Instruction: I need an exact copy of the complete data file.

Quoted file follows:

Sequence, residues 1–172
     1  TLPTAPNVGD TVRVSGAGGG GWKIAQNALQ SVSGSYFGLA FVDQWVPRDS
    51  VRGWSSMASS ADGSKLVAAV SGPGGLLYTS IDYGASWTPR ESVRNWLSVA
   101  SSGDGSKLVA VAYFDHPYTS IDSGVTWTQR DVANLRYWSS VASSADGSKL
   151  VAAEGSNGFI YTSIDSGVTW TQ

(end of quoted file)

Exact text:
Sequence, residues 1–172
     1  TLPTAPNVGD TVRVSGAGGG GWKIAQNALQ SVSGSYFGLA FVDQWVPRDS
    51  VRGWSSMASS ADGSKLVAAV SGPGGLLYTS IDYGASWTPR ESVRNWLSVA
   101  SSGDGSKLVA VAYFDHPYTS IDSGVTWTQR DVANLRYWSS VASSADGSKL
   151  VAAEGSNGFI YTSIDSGVTW TQ